The rest of the cast is remarkably solid. Michelle Rodriguez and Jessica Alba have never really impressed me with their range, but they are both wonderfully cheesy here, and seem in on the joke. Don Johnson is effective as a racist vigilante, getting one of the best lines of the film, delivered with utmost gravitas. “I know some people don’t like us,” he states. “They call us vigilantes… but it’s really about vigilance.” The fact that his credit is “introducing…” was also hilarious. I genuinely hope that this (and Django Unchained) represents the start of a career resurrection for the actor.

Scoping out a target...

However, for my money, the best member of the cast is Jeff Fahey. He seems to really channel the “so bad it’s great”, with his deep raspy voice and over-wrought delivery. It helps that the movie only really kicks into overdrive with his arrival, as the music feels like it was lifted from a John Carpenter film, and there’s the obligatory “picking your weapons” sequence. The goatee, ponytail and overly-flashy suit also help create the sense that he really belongs in a film like this – as much as Machete himself.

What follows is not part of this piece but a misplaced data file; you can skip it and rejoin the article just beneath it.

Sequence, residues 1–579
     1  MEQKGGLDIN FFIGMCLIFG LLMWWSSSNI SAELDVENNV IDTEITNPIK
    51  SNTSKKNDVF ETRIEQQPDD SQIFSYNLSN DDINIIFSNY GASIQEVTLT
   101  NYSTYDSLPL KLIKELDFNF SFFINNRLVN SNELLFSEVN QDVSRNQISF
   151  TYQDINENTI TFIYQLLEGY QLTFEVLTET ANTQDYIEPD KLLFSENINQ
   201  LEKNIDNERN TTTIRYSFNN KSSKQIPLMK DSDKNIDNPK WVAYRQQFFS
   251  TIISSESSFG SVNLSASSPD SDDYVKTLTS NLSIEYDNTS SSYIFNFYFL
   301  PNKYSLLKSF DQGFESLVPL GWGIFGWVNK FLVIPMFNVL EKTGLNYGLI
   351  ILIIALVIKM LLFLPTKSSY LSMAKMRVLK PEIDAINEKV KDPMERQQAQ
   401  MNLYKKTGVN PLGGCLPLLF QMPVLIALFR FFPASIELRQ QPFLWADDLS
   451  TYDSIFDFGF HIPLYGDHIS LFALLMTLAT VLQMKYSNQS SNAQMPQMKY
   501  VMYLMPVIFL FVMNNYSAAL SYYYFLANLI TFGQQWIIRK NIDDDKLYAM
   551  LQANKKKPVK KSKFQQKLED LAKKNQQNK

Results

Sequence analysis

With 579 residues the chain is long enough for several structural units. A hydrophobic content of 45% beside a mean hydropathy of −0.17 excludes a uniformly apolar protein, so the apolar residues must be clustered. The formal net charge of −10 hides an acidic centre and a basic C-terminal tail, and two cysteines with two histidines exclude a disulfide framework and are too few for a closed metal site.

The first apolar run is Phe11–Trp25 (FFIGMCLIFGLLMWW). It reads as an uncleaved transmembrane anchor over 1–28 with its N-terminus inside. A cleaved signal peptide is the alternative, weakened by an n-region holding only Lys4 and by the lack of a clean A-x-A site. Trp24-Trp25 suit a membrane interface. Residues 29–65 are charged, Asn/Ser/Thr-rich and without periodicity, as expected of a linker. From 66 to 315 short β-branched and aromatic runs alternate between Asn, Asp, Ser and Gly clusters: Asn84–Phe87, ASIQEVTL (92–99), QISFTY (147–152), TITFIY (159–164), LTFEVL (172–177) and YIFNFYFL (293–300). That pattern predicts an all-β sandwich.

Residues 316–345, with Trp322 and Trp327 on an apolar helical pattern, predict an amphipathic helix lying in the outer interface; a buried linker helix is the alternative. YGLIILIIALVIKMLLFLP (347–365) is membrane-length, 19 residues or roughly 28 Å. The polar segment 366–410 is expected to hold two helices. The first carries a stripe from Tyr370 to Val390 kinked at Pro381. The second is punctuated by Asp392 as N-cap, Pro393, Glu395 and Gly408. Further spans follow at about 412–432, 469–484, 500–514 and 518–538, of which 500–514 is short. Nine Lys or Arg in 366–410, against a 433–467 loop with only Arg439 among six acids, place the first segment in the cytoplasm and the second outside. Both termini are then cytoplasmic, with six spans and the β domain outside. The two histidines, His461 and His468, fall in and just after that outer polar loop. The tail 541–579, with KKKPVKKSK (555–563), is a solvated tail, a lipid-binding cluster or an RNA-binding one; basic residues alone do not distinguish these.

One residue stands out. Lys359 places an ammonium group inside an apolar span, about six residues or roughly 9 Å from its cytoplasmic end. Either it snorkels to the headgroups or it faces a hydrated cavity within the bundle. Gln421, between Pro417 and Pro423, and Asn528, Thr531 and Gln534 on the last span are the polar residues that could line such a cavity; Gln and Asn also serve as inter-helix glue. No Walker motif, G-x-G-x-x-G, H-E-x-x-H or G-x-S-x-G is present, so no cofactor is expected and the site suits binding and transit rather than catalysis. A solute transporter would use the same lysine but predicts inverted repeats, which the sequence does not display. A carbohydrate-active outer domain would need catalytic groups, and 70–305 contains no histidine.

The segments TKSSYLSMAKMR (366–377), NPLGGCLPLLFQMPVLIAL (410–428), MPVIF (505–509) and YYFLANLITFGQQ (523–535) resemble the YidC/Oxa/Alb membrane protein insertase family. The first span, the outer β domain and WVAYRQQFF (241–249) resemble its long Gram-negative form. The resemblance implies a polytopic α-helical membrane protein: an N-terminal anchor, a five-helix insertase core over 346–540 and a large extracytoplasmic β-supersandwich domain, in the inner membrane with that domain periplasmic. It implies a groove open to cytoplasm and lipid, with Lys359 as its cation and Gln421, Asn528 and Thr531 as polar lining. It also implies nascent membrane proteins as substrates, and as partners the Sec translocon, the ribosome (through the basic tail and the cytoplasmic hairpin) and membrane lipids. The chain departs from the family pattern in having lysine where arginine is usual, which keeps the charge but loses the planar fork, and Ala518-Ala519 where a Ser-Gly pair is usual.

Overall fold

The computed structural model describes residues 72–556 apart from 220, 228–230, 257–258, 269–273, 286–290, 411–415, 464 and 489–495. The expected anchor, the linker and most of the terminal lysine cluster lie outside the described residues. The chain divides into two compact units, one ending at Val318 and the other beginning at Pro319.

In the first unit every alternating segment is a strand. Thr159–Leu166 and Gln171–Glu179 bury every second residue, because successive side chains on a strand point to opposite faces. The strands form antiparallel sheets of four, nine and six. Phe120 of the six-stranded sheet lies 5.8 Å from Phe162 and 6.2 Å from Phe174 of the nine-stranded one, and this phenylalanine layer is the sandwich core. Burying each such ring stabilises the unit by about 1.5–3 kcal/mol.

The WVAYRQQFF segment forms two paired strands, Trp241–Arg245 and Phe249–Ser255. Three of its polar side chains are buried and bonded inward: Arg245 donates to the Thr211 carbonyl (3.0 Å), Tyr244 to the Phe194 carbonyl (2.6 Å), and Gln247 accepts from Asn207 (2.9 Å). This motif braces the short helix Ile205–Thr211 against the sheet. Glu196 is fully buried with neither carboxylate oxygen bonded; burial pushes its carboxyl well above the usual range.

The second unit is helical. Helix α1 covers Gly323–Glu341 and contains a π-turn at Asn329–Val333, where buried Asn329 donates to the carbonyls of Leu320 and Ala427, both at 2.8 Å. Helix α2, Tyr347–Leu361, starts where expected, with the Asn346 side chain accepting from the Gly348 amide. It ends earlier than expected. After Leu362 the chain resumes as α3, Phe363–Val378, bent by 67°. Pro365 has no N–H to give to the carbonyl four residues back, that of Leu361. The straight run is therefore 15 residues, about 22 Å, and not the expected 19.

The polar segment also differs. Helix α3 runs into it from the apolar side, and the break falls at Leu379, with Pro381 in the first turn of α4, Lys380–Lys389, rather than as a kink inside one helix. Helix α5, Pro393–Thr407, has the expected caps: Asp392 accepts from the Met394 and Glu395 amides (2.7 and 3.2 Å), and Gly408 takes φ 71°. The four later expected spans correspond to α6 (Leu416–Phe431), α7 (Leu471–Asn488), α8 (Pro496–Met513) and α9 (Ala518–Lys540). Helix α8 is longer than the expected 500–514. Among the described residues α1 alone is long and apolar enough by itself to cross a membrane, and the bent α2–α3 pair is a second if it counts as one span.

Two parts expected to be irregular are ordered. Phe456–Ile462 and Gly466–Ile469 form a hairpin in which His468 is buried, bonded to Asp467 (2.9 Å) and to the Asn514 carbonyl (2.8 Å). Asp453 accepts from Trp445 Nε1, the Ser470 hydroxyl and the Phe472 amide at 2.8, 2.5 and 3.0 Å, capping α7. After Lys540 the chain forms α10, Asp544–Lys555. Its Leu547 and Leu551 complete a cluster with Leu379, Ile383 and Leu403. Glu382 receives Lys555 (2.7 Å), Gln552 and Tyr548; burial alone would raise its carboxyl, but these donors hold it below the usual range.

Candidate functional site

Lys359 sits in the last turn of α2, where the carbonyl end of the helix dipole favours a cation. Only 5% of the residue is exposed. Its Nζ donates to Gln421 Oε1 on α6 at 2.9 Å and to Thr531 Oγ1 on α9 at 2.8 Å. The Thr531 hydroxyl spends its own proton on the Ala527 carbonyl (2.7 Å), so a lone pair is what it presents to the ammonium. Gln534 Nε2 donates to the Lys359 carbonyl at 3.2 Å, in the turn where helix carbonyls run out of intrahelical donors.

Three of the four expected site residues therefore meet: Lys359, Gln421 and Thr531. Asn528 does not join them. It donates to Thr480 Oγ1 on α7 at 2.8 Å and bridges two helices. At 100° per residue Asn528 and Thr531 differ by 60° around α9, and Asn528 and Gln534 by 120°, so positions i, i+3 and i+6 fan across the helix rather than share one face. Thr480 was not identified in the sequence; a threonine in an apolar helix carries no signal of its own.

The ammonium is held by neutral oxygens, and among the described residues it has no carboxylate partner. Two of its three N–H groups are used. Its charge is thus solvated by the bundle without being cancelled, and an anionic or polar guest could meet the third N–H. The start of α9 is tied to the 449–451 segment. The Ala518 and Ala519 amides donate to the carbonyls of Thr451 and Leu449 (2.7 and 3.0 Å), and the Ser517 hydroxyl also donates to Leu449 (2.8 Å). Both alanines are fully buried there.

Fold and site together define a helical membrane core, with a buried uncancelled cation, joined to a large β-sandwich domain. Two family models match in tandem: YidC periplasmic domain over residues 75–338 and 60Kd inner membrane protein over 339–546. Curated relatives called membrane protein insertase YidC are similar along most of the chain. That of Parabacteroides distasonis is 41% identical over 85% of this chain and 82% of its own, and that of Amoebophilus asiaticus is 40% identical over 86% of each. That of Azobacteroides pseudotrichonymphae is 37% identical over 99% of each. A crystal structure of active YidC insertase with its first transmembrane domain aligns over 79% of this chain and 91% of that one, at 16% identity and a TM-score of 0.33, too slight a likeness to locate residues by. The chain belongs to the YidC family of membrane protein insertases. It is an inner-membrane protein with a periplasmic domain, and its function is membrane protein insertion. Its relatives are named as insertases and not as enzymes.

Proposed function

There are a handful of problems, beyond one or two weak performances. In particular, there seem to be several dangling plot threads left unresolved – one in particular involving an assassin hired to kill Machete, played by Tom Savani. The character shows up, says some lines, and then… disappears. Perhaps it was intended to evoke the brutal editing of these sorts of cheap and cheerful slashers, but it does feel remarkably strange.

Bordering on hilarious...

Still, it’s a fun movie. It’s a silly movie. It’s a gleefully over-the-top movie. I really liked it. I can’t help but feel like The Expendables might have worked a little bit better had it been much more like this.